Assuntos
Termotolerância , Árvores , Aclimatação , Fotossíntese , Folhas de Planta , Temperatura , Clima Tropical
5.
Glob Chang Biol ; 28(1): 227-244, 2022 01.
Artigo em Inglês | MEDLINE | ID: mdl-34651375

RESUMO

Lianas are a key growth form in tropical forests. Their lack of self-supporting tissues and their vertical position on top of the canopy make them strong competitors of resources. A few pioneer studies have shown that liana optical traits differ on average from those of colocated trees. Those trait discrepancies were hypothesized to be responsible for the competitive advantage of lianas over trees. Yet, in the absence of reliable modelling tools, it is impossible to unravel their impact on the forest energy balance, light competition, and on the liana success in Neotropical forests. To bridge this gap, we performed a meta-analysis of the literature to gather all published liana leaf optical spectra, as well as all canopy spectra measured over different levels of liana infestation. We then used a Bayesian data assimilation framework applied to two radiative transfer models (RTMs) covering the leaf and canopy scales to derive tropical tree and liana trait distributions, which finally informed a full dynamic vegetation model. According to the RTMs inversion, lianas grew thinner, more horizontal leaves with lower pigment concentrations. Those traits made the lianas very efficient at light interception and significantly modified the forest energy balance and its carbon cycle. While forest albedo increased by 14% in the shortwave, light availability was reduced in the understorey (-30% of the PAR radiation) and soil temperature decreased by 0.5°C. Those liana-specific traits were also responsible for a significant reduction of tree (-19%) and ecosystem (-7%) gross primary productivity (GPP) while lianas benefited from them (their GPP increased by +27%). This study provides a novel mechanistic explanation to the increase in liana abundance, new evidence of the impact of lianas on forest functioning, and paves the way for the evaluation of the large-scale impacts of lianas on forest biogeochemical cycles.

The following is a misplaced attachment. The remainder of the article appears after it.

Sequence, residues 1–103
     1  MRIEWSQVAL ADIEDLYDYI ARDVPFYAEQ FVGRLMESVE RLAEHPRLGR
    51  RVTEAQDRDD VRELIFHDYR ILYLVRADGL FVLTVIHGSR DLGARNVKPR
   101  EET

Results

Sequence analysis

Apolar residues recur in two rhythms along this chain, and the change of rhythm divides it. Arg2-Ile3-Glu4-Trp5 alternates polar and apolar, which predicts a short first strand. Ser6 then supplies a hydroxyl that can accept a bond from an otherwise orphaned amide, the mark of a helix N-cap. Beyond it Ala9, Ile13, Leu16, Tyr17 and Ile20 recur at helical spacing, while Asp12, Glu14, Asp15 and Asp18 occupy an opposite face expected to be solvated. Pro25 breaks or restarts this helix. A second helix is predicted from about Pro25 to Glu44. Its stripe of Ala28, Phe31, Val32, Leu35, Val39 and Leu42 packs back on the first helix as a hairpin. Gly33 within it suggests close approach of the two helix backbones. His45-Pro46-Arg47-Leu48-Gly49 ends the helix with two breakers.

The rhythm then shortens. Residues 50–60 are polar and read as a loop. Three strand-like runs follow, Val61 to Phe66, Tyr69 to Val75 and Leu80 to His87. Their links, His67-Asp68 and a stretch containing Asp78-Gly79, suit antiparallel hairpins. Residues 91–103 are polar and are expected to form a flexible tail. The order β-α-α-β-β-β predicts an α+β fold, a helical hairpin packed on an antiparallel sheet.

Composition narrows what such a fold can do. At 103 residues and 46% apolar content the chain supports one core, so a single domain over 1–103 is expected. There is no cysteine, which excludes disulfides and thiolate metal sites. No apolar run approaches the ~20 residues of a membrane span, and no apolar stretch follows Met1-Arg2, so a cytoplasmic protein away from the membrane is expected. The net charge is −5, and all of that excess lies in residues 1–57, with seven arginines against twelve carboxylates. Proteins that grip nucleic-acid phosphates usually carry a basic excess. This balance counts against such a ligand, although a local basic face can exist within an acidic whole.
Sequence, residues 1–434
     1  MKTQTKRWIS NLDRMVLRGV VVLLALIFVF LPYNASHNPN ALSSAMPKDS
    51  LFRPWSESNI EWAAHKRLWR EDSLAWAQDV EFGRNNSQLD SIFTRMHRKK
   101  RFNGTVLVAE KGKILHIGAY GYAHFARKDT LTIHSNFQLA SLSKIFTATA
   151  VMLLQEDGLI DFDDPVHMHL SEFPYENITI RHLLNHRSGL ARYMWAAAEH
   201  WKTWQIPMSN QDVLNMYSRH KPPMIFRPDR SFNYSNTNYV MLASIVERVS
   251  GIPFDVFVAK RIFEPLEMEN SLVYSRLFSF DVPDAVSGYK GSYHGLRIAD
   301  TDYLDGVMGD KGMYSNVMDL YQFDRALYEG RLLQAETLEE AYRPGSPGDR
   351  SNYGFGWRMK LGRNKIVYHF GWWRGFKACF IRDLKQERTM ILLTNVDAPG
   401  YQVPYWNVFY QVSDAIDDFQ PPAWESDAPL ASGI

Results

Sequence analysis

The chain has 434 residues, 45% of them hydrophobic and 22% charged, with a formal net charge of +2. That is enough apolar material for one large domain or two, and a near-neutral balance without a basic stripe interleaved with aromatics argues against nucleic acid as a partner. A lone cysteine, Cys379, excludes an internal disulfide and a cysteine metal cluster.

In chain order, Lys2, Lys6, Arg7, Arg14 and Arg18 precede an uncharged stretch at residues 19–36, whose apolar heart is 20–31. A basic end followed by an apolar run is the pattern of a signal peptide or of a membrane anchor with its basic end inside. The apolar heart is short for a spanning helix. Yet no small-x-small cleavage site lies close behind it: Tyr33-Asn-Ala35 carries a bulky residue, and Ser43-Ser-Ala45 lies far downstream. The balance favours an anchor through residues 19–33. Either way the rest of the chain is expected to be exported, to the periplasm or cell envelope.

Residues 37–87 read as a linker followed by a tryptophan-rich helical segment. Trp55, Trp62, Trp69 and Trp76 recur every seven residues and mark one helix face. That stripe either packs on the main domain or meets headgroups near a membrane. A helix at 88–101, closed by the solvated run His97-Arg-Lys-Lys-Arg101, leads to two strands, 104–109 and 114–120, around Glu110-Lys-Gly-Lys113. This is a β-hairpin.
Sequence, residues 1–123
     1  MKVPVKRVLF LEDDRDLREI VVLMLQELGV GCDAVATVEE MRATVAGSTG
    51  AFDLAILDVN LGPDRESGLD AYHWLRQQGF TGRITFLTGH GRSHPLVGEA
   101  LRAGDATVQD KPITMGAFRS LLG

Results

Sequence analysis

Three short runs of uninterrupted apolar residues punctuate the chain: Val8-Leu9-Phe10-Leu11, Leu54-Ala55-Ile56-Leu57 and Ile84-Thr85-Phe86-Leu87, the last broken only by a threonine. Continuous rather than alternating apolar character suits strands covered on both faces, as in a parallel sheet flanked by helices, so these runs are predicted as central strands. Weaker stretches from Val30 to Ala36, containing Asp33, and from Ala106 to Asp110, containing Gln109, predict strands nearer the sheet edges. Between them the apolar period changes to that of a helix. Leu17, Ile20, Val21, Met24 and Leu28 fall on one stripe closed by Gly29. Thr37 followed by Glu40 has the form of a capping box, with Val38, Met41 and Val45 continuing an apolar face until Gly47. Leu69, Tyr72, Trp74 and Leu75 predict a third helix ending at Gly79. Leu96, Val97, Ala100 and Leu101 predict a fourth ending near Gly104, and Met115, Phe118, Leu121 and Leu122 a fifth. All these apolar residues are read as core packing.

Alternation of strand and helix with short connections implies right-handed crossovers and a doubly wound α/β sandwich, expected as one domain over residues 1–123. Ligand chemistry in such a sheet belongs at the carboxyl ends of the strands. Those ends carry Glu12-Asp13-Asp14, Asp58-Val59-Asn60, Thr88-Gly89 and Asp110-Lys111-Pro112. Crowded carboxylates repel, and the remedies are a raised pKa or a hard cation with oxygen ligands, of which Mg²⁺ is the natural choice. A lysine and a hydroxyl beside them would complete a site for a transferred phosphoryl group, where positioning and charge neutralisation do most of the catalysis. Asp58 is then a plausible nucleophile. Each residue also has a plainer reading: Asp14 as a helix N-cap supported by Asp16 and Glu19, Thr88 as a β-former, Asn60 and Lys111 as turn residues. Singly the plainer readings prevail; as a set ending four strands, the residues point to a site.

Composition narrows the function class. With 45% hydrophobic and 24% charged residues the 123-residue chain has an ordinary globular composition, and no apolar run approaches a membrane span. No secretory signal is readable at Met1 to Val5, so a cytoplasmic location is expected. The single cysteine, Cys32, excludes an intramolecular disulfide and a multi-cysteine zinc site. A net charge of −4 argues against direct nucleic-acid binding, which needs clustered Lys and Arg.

Assuntos
Ecossistema , Clima Tropical , Teorema de Bayes , Ciclo do Carbono , Florestas
6.
PLoS One ; 16(12): e0254307, 2021.
Artigo em Inglês | MEDLINE | ID: mdl-34937065

RESUMO

Many authors have suggested that the vulnerability of montane biodiversity to climate change worldwide is significantly higher than in most other ecosystems. Despite the extensive variety of studies predicting severe impacts of climate change globally, few studies have empirically validated the predicted changes in distribution and population density. Here, we used 17 years (2000-2016) of standardised bird monitoring across latitudinal/elevational gradients in the rainforest of the Australian Wet Tropics World Heritage Area to assess changes in local abundance and elevational distribution. We used relative abundance in 1977 surveys across 114 sites ranging from 0-1500m above sea level and utilised a trend analysis approach (TRIM) to investigate elevational shifts in abundance of 42 species. The local abundance of most mid and high elevation species has declined at the lower edges of their distribution by >40% while lowland species increased by up to 190% into higher elevation areas. Upland-specialised species and regional endemics have undergone dramatic population declines of almost 50%. The "Outstanding Universal Value" of the Australian Wet Tropics World Heritage Area, one of the most irreplaceable biodiversity hotspots on Earth, is rapidly degrading. These observed impacts are likely to be similar in many tropical montane ecosystems globally.


Assuntos
Aves/crescimento & desenvolvimento , Animais , Austrália , Biodiversidade , Mudança Climática , Conservação dos Recursos Naturais , Modelos Biológicos , Densidade Demográfica , Floresta Úmida , Clima Tropical
7.
Trop Anim Health Prod ; 54(1): 13, 2021 Dec 13.
Artigo em Inglês | MEDLINE | ID: mdl-34902077

RESUMO

Forage intake is the most important factor for beef cattle raised on pasture, as it is the basis of the diet. Thus, knowing the variables that affect this parameter can help supplementation programs. Thus, a meta-analytic study was conducted to develop and evaluate models for the prediction of pasture dry matter intake (DMIpasture) by beef cattle in tropical conditions. Eight hundred four individual observations of DMIpasture were used, taken from 23 studies through analysis of mixed models, including the study as a random effect. To evaluate the accuracy and precision of the new models proposed as well as for the models of Azevedo et al. (2016) and Minson and McDonald (1987), an independent databank with 87 means from treatments of 21 experiments (n = 888 animals) was used. Three prediction models were adjusted: model I (animal information), model II (animal information + supplement), and model III (animal information + supplement + pasture). The proposed models presented similarity for the average square root of the prediction error. The inclusion of the predictive variables for supplementation (supplement dry matter intake - DMIsupplement - % of the body weight and crude protein intake through supplement) with the variables for the animal (BW0.75 and average daily gain) and of the pasture (% of crude protein) in model III improved accuracy and precision and provided higher determination and correlation coefficients, and agreement than the other proposed models. Similarly, it was found to be more accurate and precise than the equations of Azevêdo et al. (2016) and Minson and McDonald (1987), which presented lower precision. The DMIpasture for beef cattle in tropical conditions is more accurate and precise when the information for the animal, supplement, and pasture is included.